In it, he observes:
When we take a class in STEMI recognition, the ECGs, once you know how to read them, are all pretty clear cut. You can flash the 12-leads on the screen and a well-taught class will call out in unision “Inferior, Anterior, Anterior, Inferior, Lateral,” etc. You get tricky and you throw in the ST imposters, but they catch on. “Left Bundle, Right Bundle, LVH, Inferior, Anterior, Left Bundle,” etc.
The problem is when you get back on the street not all 12-leads are so cut and dried…
I couldn’t have said it better myself.
Unfortunately, a lot of paramedics feel so good about themselves after taking a basic 12 lead ECG STEMI recognition class that they buy into the mindset that paramedics can interpret an ECG as good as a physician.
In 99% of cases, it simply isn’t true. Not because paramedics can’t be taught to read an ECG as good as a physician, but because paramedics aren’t taught to read an ECG as good as a physician.
Peter goes on to discuss a recent article published in the American Journal of Cardiology that essentially shows that interpretation of ST segment elevation on the 12 lead ECG can be difficult, even for cardiologists.
This finding is not surprising. I have written about the problem of ST segment elevation in a previous post.
Peter goes on to quote the study’s bottom line:
This study’s findings reflect the diagnostic limitations encountered by cardiologists when the ECG is used as the sole diagnostic tool for STEMI. If experienced readers, using the current criteria and guidelines, cannot accurately and consistently distinguish between STEMI and NISTE, less-experienced readers cannot be expected to do so.
And then adds:
So take heart, paramedics, we aren’t expected to be seers. Just do the best you can to identify what you can. Cast a wide net when you do your 12-leads. Do serial 12-leads. One that is not obvious can soon grow into a not subtle one. Call the obvious ones, and bring attention to the possible ones. Evaluate based on patient presentation and ECG.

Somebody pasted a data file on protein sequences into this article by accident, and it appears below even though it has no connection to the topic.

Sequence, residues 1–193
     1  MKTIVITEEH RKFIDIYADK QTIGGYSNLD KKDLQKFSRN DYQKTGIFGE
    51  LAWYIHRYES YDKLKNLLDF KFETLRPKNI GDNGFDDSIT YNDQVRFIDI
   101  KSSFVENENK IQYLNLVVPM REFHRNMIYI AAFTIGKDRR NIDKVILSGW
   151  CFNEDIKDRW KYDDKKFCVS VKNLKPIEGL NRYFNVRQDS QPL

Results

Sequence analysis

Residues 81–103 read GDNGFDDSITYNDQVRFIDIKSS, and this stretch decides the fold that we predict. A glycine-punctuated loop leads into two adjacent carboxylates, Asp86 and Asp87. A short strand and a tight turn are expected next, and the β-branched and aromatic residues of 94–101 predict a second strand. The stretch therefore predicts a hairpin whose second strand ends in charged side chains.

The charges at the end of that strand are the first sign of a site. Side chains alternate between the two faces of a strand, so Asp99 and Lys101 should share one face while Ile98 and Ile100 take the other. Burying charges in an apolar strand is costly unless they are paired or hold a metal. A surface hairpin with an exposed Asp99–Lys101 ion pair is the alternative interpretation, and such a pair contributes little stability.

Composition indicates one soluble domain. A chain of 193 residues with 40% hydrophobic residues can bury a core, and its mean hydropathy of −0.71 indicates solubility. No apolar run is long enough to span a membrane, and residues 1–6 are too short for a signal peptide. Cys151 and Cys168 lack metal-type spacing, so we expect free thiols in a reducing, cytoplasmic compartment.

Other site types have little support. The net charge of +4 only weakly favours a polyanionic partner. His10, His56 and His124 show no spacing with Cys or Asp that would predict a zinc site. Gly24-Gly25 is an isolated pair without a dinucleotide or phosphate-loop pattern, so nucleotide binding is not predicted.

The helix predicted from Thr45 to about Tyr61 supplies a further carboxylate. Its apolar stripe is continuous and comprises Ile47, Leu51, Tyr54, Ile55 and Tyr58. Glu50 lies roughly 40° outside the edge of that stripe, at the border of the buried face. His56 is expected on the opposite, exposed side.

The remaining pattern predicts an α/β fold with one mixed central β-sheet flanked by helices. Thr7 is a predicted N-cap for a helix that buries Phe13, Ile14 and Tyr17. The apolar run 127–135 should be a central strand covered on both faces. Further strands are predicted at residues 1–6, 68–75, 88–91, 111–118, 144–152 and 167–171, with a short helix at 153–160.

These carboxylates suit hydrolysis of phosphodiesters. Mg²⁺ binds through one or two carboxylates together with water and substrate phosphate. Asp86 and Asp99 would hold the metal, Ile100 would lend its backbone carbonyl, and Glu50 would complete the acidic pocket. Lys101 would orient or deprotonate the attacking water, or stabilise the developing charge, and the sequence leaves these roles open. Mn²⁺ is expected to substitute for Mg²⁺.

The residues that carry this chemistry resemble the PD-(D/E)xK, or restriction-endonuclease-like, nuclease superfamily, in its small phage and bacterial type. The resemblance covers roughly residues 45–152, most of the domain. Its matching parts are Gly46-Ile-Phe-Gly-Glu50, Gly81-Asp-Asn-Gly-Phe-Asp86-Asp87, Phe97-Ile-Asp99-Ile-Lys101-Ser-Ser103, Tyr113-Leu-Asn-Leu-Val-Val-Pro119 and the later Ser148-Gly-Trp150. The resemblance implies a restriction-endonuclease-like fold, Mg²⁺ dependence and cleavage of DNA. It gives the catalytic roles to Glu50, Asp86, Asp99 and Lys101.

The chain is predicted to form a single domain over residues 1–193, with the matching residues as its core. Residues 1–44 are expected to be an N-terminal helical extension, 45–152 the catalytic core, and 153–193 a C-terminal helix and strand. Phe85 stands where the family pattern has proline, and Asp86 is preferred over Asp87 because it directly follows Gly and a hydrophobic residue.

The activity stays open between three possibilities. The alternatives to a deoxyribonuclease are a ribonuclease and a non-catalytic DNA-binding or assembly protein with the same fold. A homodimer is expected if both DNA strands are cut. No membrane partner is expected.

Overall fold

I am mostly in agreement, especially with regard to performing serial 12 lead ECGs. However, while we may not be expected to “be seers” in all situations, we can “be seers” in most situations.
With the proper training.
Tomas Garcia MD, author of 12 Lead ECG – The Art of Interpretation once told me the most common reason cardiologists fail their board exams is ECG interpretation.
ECG interpretation can be difficult. Admitting that is the first step to developing real expertise. It’s sort of the same as tracheal intubation in this regard. Just because you can intubate a patient with typical anatomy doesn’t mean you can handle a difficult airway.
Just because you can identify a homerun STEMI after an 8-hour introduction to 12 lead ECG class doesn’t mean you’re going to pick up on ventricular aneurysm.
There are always going to be false positive cardiac cath lab activations. If it never happens, you’re not being aggressive enough. If it happens too often, you’re being too aggressive.
Can you be taught to identify the mimics of acute STEMI? Yes.
Can you be taught to identify acute STEMI in the presence of baseline abnormalities that mimic acute STEMI? Yes!
It’s difficult but it’s not impossible.
Peter had posted this ECG from the study and reported that only 5 out of 15 experienced ECG interpreters called it correctly.
In the comments he reports:
5 out of 15 experts correctly said this was a STEMI.
“A 57-year-old man with chest pain. There were QS waves in V1-V2. There was mild STE in V1-V2. There was terminal T-wave inversion V2-V6. There was T-wave inversion in I and aVL. Peak troponin I 26.84 ng/ml. Peak CKMB 29.6 ng/ml. Coronary angiography showed proximal left main stenosis 40%, proximal left anterior descending artery stenosis 95%, left circumflex artery 60%. The patient underwent PPCI of his proximal left anterior descending artery. STEMI was diagnosed by 5/15 readers (33%).”
I had guessed the ECG showed left ventricular aneurysm.
Consider this example from Brady WJ, ST Segment and T Wave Abnormalities Not Caused by Acute Coronary Syndromes. Emerg Med Clin N Am 24 (2006) 91-111.
As I noted in the comments, ventricular aneurysm is a difficult mimic because it’s not really a mimic at all. It’s an “old” MI with persistent ECG abnormalities.
It would be interesting to know if an acute thrombosis was found during intervention, of if this was one of those patients for whom chronic atherosclerosis finally became so occlusive that it caused cardiac injury.
My guess is that the ECG didn’t look a whole lot different after stenting.
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